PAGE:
"I’ve had to make statements like this too many times," Obama said last month during a news conference after nine people were shot and killed at Emanuel AME Church in Charleston, S.C. And yes, during Obama's time in the White House, dozens of mass shootings have taken place across the country. City names become synonymous with these tragic attacks — Fort Hood, Texas, in 2009; Tucson, Ariz., in 2011; Aurora, Colo., and Newtown, Conn., in 2012; Washington's Navy Yard in 2013; and Charleston in 2015. So when you watch Obama discuss gun control reform yet again, it's not just what the president says, but his tone that tells the story of the country's gun control problem.
The shooting left at least nine injuries and three deaths, including the still unidentified gunman who died from a self-inflicted wound, Police Chief Jim Craft said during a Thursday night press conference. As of early Friday morning, Obama has yet to publicly comment on the shooting as he is on en route to a pre-planned trip to Kenya, though CNN reported the president had been briefed. But just hours before the shooting took place, Obama spoke with BBC and shared his frustration with the government's inability to pass serious gun control reform in response to gun violence, a narrative that has become all-too familiar.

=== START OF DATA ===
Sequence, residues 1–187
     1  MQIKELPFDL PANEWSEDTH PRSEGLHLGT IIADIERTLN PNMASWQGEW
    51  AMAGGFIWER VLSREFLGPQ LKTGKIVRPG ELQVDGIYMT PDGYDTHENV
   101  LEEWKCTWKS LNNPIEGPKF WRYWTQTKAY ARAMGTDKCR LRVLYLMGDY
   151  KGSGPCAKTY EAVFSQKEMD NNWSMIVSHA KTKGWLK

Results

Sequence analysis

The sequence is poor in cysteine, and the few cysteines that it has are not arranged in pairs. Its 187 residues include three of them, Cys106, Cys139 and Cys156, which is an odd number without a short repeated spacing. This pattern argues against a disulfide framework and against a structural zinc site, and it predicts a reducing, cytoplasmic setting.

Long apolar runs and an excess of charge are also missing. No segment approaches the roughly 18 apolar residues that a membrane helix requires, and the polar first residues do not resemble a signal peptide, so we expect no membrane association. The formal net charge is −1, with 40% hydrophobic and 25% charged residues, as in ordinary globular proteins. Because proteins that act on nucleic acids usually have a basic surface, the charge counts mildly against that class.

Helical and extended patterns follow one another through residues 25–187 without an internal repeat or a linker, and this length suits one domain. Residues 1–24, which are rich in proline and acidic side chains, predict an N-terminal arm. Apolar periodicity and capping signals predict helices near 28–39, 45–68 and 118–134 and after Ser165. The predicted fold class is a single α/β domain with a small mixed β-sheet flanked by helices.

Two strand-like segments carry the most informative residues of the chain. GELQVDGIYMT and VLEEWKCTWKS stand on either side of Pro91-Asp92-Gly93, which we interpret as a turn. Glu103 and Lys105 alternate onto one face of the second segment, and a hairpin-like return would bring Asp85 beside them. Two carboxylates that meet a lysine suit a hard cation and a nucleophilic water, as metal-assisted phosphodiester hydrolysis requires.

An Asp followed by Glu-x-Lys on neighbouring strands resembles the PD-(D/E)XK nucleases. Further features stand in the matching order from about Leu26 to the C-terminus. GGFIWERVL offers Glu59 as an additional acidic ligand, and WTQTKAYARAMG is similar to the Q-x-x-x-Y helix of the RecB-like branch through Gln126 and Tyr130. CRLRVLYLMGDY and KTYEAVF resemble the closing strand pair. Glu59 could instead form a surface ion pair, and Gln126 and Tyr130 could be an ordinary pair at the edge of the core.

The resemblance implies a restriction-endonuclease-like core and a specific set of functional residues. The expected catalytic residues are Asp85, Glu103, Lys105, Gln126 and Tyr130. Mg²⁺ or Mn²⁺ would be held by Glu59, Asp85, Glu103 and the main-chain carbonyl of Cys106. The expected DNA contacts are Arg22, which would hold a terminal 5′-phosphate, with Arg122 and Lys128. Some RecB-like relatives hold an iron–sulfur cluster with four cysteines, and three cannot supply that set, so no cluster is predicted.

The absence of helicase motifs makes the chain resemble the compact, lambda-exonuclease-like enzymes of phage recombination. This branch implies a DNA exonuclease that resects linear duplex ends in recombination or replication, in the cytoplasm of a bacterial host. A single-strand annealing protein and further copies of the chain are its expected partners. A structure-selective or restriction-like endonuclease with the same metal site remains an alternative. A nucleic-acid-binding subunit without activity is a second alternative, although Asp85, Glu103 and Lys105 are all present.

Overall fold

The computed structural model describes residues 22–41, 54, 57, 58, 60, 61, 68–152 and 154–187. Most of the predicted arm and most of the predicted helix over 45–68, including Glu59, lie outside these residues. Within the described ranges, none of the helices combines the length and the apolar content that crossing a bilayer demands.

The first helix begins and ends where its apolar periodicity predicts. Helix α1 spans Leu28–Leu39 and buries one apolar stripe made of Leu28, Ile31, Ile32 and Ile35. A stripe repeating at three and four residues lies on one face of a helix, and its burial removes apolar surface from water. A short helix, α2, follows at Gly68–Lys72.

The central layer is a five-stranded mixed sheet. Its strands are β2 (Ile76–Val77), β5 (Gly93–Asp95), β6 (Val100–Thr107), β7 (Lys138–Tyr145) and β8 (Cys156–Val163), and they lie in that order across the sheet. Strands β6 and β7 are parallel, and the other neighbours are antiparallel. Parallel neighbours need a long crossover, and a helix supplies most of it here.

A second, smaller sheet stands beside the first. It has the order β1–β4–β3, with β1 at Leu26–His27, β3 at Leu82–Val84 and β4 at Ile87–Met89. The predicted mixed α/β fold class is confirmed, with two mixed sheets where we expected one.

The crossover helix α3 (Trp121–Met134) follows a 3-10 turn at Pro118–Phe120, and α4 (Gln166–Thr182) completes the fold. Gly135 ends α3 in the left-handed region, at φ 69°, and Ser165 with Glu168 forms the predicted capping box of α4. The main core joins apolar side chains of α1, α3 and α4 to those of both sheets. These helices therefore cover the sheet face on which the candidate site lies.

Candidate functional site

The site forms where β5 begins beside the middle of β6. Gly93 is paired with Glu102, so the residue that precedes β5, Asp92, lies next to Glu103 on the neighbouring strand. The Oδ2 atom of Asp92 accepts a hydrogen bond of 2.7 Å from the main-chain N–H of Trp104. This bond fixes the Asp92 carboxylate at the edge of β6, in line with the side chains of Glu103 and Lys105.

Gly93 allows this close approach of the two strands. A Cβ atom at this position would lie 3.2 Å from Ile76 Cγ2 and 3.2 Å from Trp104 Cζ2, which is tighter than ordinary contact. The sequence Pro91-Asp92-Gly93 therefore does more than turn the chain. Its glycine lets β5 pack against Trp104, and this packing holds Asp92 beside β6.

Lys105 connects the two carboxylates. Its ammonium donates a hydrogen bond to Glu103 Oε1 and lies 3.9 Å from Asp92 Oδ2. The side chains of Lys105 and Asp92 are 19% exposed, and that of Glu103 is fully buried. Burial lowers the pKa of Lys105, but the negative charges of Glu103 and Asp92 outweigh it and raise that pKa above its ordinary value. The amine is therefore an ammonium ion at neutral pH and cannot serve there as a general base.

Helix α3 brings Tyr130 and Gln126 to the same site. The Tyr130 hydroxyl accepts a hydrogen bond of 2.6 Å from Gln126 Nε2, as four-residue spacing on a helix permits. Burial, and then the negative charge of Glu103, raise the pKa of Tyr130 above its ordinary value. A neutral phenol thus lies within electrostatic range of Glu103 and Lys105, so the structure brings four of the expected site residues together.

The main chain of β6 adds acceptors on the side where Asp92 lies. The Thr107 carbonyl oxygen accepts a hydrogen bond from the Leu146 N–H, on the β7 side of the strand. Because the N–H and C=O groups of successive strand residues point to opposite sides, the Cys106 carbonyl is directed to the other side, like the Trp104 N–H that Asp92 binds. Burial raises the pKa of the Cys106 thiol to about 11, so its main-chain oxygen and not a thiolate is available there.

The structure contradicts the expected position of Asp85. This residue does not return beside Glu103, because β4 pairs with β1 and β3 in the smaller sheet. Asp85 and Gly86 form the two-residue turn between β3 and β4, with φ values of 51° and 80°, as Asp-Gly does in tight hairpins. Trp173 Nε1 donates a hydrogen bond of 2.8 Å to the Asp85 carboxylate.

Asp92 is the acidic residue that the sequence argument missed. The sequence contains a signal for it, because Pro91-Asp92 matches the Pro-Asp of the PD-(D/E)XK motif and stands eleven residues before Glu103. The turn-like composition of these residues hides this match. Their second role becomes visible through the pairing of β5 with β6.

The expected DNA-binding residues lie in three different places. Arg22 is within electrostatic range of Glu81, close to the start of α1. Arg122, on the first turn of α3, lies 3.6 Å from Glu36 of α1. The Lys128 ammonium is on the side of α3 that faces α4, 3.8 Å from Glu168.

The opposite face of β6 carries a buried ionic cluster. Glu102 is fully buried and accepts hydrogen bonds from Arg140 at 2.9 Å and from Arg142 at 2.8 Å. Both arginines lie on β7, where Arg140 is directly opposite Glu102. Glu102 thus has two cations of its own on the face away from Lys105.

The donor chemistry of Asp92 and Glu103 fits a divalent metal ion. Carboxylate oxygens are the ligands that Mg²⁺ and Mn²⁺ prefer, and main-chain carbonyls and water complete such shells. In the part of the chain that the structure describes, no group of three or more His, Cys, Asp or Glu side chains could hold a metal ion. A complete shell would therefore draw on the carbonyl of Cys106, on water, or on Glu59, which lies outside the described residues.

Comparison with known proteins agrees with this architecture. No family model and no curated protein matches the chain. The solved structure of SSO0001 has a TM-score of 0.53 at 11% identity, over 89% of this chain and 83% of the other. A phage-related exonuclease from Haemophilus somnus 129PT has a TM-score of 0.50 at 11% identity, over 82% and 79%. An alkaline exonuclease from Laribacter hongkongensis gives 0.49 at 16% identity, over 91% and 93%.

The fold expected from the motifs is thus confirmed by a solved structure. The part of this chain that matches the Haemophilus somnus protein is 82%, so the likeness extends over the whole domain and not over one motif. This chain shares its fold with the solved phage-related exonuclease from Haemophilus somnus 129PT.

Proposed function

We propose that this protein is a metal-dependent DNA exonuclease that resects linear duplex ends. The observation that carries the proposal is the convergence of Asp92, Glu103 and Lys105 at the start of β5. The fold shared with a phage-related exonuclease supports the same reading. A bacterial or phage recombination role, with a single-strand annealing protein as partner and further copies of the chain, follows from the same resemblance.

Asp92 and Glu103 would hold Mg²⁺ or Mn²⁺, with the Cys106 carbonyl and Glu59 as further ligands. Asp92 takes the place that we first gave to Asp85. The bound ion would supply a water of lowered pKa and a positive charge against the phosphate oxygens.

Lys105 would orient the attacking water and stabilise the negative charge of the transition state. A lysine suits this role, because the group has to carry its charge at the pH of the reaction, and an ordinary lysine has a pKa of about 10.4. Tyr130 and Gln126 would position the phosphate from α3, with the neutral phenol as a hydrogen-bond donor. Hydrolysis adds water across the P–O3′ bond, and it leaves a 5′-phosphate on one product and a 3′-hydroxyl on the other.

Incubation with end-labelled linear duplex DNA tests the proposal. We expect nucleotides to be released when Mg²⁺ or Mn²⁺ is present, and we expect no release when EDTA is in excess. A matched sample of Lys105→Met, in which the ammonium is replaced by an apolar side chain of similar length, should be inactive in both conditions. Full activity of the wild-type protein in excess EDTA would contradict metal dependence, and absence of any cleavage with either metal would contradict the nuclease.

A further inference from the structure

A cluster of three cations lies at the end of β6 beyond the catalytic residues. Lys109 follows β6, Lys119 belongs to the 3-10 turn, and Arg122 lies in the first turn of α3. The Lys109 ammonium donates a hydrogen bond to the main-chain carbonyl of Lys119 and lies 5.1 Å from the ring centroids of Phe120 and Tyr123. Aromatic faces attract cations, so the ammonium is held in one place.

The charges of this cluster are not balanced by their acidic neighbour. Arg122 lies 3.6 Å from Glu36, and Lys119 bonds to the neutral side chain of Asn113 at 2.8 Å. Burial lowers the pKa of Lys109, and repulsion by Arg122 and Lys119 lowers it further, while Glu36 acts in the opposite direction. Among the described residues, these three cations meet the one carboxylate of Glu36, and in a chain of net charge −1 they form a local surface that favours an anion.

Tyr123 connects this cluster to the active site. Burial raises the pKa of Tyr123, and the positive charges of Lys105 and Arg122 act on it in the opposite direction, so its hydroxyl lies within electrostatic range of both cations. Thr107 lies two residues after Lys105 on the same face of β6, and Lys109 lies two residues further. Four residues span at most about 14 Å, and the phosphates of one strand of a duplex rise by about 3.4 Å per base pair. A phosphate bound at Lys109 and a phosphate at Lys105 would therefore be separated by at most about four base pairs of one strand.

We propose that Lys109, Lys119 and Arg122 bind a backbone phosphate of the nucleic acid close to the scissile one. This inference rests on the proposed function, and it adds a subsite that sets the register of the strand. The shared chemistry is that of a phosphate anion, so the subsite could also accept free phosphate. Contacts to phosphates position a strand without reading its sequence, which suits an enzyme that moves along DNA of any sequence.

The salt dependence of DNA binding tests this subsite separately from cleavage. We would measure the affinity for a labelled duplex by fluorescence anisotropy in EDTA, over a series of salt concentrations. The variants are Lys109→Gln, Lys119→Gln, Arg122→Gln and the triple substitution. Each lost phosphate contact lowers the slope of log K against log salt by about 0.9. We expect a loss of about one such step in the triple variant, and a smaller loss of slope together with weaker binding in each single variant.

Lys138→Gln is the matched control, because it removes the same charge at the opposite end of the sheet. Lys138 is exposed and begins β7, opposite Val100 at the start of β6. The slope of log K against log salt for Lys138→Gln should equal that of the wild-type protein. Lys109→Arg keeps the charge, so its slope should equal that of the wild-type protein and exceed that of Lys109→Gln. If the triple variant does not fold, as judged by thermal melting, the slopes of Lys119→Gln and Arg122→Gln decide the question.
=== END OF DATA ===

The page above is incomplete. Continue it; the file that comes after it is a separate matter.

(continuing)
If you ask me where has been the one area where I feel that I've been most frustrated and most stymied it is the fact that the United States of America is the one advanced nation on earth in which we do not have sufficient common sense gun safety laws even in the face of repeated mass killings.
And if you look at the number of Americans killed since 9/11 by terrorism, it's less than 100. If you look at the number of them that have been killed by gun violence, it's in the tens of thousands. And for us to not be able to resolve that issue has been something that is distressing, but it is not something I intend to stop working on in the remaining 18 months.
According to the CDC, more than 11,000 homicides and violent crimes were gun-related. But as Obama repeatedly acknowledged after the Charleston shooting, politics on Capitol will likely prevent serious reform from passing, an issue that was certainly made clear after the Sandy Hook Elementary School massacre that left 20 students and six staffers killed. Proposals for universal background checks and bans on certain semi-automatic firearms didn't pass in Congress then, and it likely won't pass now.
The upcoming presidential election provides an opportunity for candidates to make their gun control platform clear. Louisiana Gov. Bobby Jindal, who is running in the GOP primary, has been on the scene, and it has afforded him the opportunity to speak out against senseless killings. So perhaps the competitive political climate will help provide a pathway to reform. Because a mass shooting at a school, church, or movie theater apparently just isn't enough to enact real change.
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